President Peter Mutharika’s address at the United Nations (UN) on Tuesday forcefully sought a place for Malawi in the global policy shaping arena as much as it espoused domestic policy, the country’s development strides, priorities and challenges.
From a firm position on ending conflicts, to a call for investments in global education and what should be done to make the Sustainable Development Goals (SDGs) more meaningful than their predecessors Millennium Development Goals (MDGs), Mutharika presented a nuanced speech at a global stage on a subject—international affairs—that he is intellectually comfortable with.
Critics, however, may say the President avoided meaningfully discussing the country’s outstanding human rights issues with specifics, including the handling of politically linked crimes such as the alleged murder of Polytechnic student Robert Chasowa during the first Democratic Progressive Party (DPP) regime under his brother Bingu wa Mutharika.
But the President, speaking at the 70th UNGA in New York, made an interesting link between human rights and Cashgate, telling the (UNGA) that corruption and theft of public resources in Malawi threatens the enjoyment of people’s human rights.
“Full enjoyment of people’s human rights could not be achieved in a society full of fraud, corruption and theft of public resources. These vices must be dealt with in order to protect people’s human rights and ensure delivery of expected service from their government,” the President said in a speech made available to The Nation.
The slow rate of prosecution of suspected master minders of Cashgate, which resulted in the loss of hundreds of billions of kwacha from public coffers, has been a concern to many observers, among them contributors to the government budget.
Not satisfied by the safety of their money, donors have opted for off-budget financing through ring-fenced basket funding, projects and dedicated grants in which Capital Hill has no direct control and whose capture in the country’s economic programme is hard largely because of lack of harmonisation.
He assured the UNGA that his government was committed to fulfilling its international and national responsibility of protecting people’s human rights and rule of law. He said Malawi would continue to do so even in the face of corruption and fraud.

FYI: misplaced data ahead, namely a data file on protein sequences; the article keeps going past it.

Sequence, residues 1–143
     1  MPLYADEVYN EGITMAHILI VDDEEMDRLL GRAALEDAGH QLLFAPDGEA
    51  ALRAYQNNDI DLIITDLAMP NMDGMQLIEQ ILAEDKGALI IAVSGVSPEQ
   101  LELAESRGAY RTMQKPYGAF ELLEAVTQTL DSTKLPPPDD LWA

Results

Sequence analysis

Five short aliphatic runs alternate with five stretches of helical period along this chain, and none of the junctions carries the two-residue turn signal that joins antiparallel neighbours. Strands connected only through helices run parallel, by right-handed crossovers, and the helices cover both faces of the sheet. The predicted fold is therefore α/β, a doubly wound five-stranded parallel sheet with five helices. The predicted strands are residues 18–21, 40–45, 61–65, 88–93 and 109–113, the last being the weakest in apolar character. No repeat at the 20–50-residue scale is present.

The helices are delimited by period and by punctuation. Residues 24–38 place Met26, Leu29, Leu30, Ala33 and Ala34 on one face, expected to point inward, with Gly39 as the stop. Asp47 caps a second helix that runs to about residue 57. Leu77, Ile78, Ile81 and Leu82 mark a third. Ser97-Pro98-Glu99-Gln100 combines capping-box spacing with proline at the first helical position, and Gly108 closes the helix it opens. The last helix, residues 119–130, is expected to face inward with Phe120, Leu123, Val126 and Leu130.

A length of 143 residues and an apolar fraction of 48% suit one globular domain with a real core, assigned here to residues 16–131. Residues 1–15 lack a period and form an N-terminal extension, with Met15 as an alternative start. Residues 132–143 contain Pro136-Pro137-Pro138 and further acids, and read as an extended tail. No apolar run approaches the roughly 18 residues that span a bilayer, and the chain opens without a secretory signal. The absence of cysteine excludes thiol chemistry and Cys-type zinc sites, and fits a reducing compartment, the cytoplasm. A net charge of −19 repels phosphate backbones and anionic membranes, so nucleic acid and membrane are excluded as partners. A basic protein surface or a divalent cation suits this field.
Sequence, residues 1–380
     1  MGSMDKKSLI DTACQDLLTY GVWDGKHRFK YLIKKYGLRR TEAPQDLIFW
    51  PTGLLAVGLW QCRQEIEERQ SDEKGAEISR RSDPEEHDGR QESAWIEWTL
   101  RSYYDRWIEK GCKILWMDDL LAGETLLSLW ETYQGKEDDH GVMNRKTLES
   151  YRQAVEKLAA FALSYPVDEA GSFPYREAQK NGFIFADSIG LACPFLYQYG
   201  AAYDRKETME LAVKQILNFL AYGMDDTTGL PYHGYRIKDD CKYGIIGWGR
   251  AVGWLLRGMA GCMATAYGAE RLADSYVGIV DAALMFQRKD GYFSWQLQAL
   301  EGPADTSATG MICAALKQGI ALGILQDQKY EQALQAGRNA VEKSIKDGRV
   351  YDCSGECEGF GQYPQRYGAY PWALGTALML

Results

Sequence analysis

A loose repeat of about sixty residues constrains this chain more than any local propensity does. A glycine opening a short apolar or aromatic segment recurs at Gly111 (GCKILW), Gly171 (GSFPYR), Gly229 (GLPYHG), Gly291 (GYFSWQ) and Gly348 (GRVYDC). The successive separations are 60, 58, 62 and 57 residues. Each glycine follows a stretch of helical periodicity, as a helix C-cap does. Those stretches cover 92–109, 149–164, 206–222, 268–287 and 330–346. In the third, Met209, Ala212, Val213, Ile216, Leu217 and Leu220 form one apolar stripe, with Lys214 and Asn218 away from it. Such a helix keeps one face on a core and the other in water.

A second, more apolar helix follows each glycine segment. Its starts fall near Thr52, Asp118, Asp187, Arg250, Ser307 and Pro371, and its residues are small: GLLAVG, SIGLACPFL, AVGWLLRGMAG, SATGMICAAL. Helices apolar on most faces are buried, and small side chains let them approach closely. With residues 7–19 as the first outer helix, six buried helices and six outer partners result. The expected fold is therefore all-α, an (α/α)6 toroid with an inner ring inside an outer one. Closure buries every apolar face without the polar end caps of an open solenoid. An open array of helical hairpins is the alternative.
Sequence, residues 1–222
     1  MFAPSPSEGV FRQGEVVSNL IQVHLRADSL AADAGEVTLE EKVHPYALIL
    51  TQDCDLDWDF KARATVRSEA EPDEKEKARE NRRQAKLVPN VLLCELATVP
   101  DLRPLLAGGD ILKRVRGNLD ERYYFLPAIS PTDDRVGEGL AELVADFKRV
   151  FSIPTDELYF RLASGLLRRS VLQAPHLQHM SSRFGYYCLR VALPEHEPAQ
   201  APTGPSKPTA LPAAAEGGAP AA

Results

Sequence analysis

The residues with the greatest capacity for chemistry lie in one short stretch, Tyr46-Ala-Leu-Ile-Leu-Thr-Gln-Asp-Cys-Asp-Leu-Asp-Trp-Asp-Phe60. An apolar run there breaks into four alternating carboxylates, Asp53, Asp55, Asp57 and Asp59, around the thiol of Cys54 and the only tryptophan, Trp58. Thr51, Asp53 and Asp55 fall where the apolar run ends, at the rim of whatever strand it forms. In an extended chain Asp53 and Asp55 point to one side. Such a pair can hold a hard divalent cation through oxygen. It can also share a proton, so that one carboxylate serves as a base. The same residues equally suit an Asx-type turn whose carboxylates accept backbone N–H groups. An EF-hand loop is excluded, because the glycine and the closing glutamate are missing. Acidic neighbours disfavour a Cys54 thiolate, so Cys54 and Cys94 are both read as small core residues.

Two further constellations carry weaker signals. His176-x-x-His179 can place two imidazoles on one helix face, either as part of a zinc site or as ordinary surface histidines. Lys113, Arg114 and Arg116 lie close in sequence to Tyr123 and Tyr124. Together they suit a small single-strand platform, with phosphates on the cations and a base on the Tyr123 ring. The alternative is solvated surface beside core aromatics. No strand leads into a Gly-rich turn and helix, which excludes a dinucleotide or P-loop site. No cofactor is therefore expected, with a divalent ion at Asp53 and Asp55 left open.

Currently, there is an ongoing forensic audit covering the period 2005 to 2014 which is expected to expose more fraudulent activities following the preliminary findings that K577 billion could not be accounted for in the government coffers during the five-year period between 2009 and December 31 2014.
The National Audit Office (NAO) is expected to release a report on the audit, which is being carried out with financial assistance from the government of Germany, by April next year.
On balance, yesterday’s UNGA speech was one of the clearest, coherent and focused addresses he has made in his 16-month presidency, especially when he touched on global security and the new global development goals and targets.
Mutharika had a philosophical take on world peace and how to reform the UN Security Council.
“We cannot realise a complete sense of peace without justice, dignity and freedom.
“We can rejoice that in the seventy  years of the work of the UN, we have collectively averted another world war, however, during the same period, we have lived in fear, and uncertainty, in a world tainted by conflicts, poverty and violence that have endangered our own existence,” said Mutharika.
On reforming the UN Security Council, the President said he has closely monitored the intergovernmental negotiations on how the Security Council can be reformed to make it more representative, effective, transparent and accountable to all.
He called for wider reforms of the UN Security Council and urged peace missions to focus on political solutions and conflict prevention.
He said: “There is need for comprehensive peace and security partnerships involving the United Nations Security Council, regional actors and national mechanisms.
“The UN should take the responsibility to compensate the abused. There is greater need for political will by all actors to peace missions, to just mention a few.”
But he cautioned that “our quest for peace and security should be hinged on sustainable socioeconomic development for our people; development that has a true meaning and reflection in the lives of our people.”
Mutharika thus commended the adoption by world leaders of the 17 Sustainable Development Goals (SDGs), which have replaced Millennium Development Goals (MDGs) effective this year.
Although Malawi only managed to achieve four of the eight goals, Mutharika pledged that with the SDGs, women and children would not be left behind.
However, he expressed reservations with SDG 4 on ensuring inclusive and equitable quality education in promoting lifelong learning, arguing it did not fully capture the centrality of higher education to achieving the wider SDG targets.
Yet, his administration is currently reeling from the backlash of its decision from some activists to scrap government sponsorship and leave it at K275 000 tuition fees for all students in public universities.
Mutharika returns home this Sunday after a schedule that, apart from the UNGA address, saw him present a paper to members of the Council on Foreign Relations on the topic Democratisation and Self-Reliance in Africa: The Case of Malawi.